In the embodiment illustrated, 'the contacts 1 for the control circuit are so positioned with relation to the A'contacts A6 for the power circuit that the control circuit contacts of the comple*- mentary connectors do not engage each other until after the power circuit contacts have made contact with each other so as to close the power circuit. Accordingly, the control device which may `be `connected to thecontacts 1 cannot oper ate -to 'close the power circuit until that circuit has been closed at the "contacts 6. Similarly said control 'devices 'will operate to open the pow/- er circuit before the contacts 6 are disengaged when separating the tWo connectors. This insures that the only 'make and break of a live circuit possible in connecting or disconnecting the complementary connectors takes place at the contacts 'I-. In order to insure that lany spark generated in the opening or closing of Athe rcon-- trol circuit at the contacts 'I may not set up a re hazard, an enclosure is provided -for these contacts during the making or breaking operation. Such Aenclosure in the embodiment illus trated is provided by a .pair of screw collars 8 and 9, one on each of the complementary `connectors. These collars are arranged to be rotatable on the bodies I and I respectively. Each may be secured in place by a ball-bearing comprising a row of balls Il `arranged to run in --a groove in a vmetal collar I2 providing-a ball race for the bearing. A similar groove I3 in the outer'collarprovides the outer race for the bearing. The outer groove I3 may be made wider than the balls so as to permit a certain amount of endwise movement of the collar 8 or 9 relative to the body. The collars I2 may be molded in the body of the vconnector or, as is sometimes preferable, a groove to `receive the collar is molded in the body and the collar being split into 4two halvesis assembled in the groove. The outer collar 8 or 9 is then slipped over the collar `I2 to `hold thelatterin place. rIhe balls VII may then be 'inserted by a suitable opening lin the outer -4collarclosed by a plug I4 Vin any `suit-- able manner. Y Y

Where the connector is to be mounted on a stationary mounting, the body maybe formed -as indicated in dcttedrlinesin Figure 3 and the outer collar I2-forined with'a-:suitable iiange I5 adapted fcrlmountin'g `in any "usualmanner upon laffsuitable support.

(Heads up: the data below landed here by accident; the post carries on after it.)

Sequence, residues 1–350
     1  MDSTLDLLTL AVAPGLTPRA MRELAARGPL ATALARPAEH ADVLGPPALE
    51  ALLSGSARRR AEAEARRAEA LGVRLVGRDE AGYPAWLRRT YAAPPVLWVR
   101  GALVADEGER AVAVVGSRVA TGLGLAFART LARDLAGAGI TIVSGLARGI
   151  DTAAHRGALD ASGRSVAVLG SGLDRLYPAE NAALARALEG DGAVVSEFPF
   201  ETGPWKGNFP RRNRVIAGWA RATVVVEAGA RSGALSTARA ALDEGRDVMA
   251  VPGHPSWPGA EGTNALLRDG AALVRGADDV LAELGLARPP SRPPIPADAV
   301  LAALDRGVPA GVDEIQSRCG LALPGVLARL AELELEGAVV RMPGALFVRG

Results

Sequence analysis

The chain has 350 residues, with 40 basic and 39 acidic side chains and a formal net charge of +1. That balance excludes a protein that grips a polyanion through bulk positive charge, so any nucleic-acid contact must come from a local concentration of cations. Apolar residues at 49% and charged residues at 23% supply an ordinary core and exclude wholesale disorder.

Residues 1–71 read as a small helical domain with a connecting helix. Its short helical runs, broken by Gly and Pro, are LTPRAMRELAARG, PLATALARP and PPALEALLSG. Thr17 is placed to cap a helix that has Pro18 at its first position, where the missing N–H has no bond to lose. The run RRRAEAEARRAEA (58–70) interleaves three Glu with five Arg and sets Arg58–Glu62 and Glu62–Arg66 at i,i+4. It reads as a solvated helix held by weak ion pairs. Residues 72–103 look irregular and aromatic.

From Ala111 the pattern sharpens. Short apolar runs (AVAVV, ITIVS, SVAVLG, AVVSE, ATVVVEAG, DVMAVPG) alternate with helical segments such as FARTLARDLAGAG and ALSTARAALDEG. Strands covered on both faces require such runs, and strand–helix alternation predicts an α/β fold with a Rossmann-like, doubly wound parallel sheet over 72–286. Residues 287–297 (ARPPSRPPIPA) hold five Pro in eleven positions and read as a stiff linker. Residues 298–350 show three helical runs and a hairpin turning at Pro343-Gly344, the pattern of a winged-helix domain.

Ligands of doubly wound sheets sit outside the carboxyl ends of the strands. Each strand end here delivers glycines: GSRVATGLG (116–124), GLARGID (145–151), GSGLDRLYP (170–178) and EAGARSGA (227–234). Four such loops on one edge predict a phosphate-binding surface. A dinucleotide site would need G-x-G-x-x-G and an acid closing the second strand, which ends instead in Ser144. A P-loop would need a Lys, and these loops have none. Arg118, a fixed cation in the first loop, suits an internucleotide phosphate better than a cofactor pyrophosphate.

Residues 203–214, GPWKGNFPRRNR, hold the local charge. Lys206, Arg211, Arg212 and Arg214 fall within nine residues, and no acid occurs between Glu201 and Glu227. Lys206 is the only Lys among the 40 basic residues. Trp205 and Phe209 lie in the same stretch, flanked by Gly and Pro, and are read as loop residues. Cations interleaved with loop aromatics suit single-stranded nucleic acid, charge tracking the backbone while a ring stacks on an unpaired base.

In the operation of this connector when a circuit is to be extended by a section of cable 2 or 20, the contacts 6 of the two connectors are first engaged with each other to close the power circuit. It is convenient` in most cases to provide one of the connectors with all plugs, except one. and the other with all sockets except one. In the arrangement shown in Figure 2 a four wire power circuit is indicated having three plugs and one socket. A two-wire control circuit having two plugs 'I is also indicated. Having one of the contacts of the type complementary to the others, serves to Yidentify the separate conductors in the connector and the attached cable so as to insure that the desired polarities are maintained throughout the circuit, or, as in three-phase circuits, the same direction of rotation of connected motors may be maintained. In the four wire arrangement of Figure 2 the socket may identify a ground wire. Thus, there is only one way in which the contacts may be put together and, accordingly, it is impossible to interchange the wires of the circuit. The arrangement ofthe wide groove I3 permits the collars 8 and 9 to be retracted relatively to the contacts so that the latter may be guided visually to their proper relation when the initial engagement of the power contacts is made. When the power contacts of the two complementary connectors have been engaged, the collars may be slipped toward each other and are then in position for engagement of their threads. The wide groove I3 now also provides extra travel for the collars relative to the contacts so that a considerable number of threads maybe engaged before the contacts 'I are ready to make the control circuit. This, therefore, provides a space I6 within the enclosure provided by the two collars 8 and 9 which is entirely sepa- Once the control contacts have been engaged and the threads of the collars started in engagement with each other, said collars may be screwed up toward each other, thereby drawing the lbodies I and II) together and forcing the contacts 6 into full engagement with each other. The bodies I and I may be provided with upstanding collars I1 of the body material, such as rubber, arranged to enter complementary recesses I8 at the mating socket so as to provide a moisture seal. Similarly the bodies may be provided with circumferential beads I9, which engage each other under pressure when the collars 8 and 9 are fully screwed up, thereby providing an additional water seal.